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This model wants to redefine what 'normal' looks like on fitness magazines.

Nadia Aboulhosn is helping redefine what 'healthy' looks like.

This model wants to redefine what 'normal' looks like on fitness magazines.

This is Nadia Aboulhosn.

And if I were you, I'd remember that name.


The model, blogger, and "rule-breaker" is the latest cover girl on Women's Running magazine.

And, as the outlet noted, the Los Angeles-based social media star is truly "a force of nature."



You don't see Aboulhosn's body size or shape too often on or in fitness magazines, which is unfortunate, to say the least.

Even though she may have more curves than the stereotypical fitness models' chiseled abs of steel, Aboulhosn is in pretty great shape, and she has been for awhile.

Take, for instance, the fact that she was the only girl on her high school's football team and that she could "bench press a crazy amount."

“The coach liked to joke with the guys when I would beat them in practice," Aboulhosn, who now stays in shape by running and circuit training, told the magazine.

If Aboulhosn is in great shape (so much so that she's circuit training and out-lifting the guys), why aren't more women with bodies like hers also gracing the covers of fitness magazines?

Aboulhosn's cover isn't just unique. It's helping redefine what "healthy" looks like.

Because, as many experts will tell you, you shouldn't judge a book by its cover when it comes to clothing size and physical health. Fat people can be in great shape and incredibly healthy, just like skinny people can be in poor shape or unhealthy. To assume that one body type is more or less healthy than others just by looking at them is absurd. Not to mention, health means different things to different people: What's healthy for one person may not be healthy for another.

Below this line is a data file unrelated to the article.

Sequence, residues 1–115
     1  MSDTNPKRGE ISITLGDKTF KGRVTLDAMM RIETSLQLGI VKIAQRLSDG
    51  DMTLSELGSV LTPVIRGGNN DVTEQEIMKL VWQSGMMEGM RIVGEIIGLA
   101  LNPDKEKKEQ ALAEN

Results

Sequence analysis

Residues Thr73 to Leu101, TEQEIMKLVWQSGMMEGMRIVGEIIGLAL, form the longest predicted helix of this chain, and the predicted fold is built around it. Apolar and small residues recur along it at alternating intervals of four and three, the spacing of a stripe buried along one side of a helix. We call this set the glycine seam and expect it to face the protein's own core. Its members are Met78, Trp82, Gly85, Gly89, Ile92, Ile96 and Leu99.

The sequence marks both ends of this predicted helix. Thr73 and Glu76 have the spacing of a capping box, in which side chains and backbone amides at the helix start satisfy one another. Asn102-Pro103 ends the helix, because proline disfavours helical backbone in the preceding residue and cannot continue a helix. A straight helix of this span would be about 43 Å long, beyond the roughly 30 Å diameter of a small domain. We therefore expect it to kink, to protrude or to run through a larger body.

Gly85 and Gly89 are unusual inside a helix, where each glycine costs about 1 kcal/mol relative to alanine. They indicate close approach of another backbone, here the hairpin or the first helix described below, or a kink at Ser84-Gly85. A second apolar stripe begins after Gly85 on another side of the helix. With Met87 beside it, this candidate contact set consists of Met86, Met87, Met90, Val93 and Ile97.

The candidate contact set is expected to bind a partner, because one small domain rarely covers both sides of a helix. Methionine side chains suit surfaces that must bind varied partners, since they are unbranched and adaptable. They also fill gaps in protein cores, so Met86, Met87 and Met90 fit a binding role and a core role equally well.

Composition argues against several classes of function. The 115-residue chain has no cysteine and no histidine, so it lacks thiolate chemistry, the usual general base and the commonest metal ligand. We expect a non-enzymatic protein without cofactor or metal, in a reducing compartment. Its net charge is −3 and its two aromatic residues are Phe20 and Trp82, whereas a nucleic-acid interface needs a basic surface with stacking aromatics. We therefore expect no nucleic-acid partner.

Health and fitness mags should take note of this — as they're often the ones perpetuating these body stereotypes.

Photo via iStock.

Author and health researcher Linda Bacon, Ph.D., spoke with Upworthy in January about the widespread fallacy that connects body size and health.

"To paraphrase a now famous comment from my friend and rock star Marilyn Wann, 'the only thing you can diagnose about a fat person is your own level of prejudice,'" Bacon told Upworthy. "Even the heavily entrenched idea that heavier people eat more than thinner people isn’t supported by data."

That's why the April cover of Women's Running magazine matters.

Aboulhosn hopes her cover can be part of a larger conversation on body positivity and what it means to be "normal."

“I’m just trying to normalize what should have already been seen as normal," Aboulhosn told BuzzFeed, noting she doesn't use the term "plus-size" to describe herself because it contributes to the idea that one particular body size is the standard and anything other than that isn't ideal.


“Even if it’s making people feel uncomfortable right now," she said of her cover, "I hope [readers] take away that [body type diversity] is what normal is going to be eventually.”

Becoming a cover model? Cool. Changing the conversation about health and body positivity? Way cooler.

Bravo, Nadia.

Courtesy of Verizon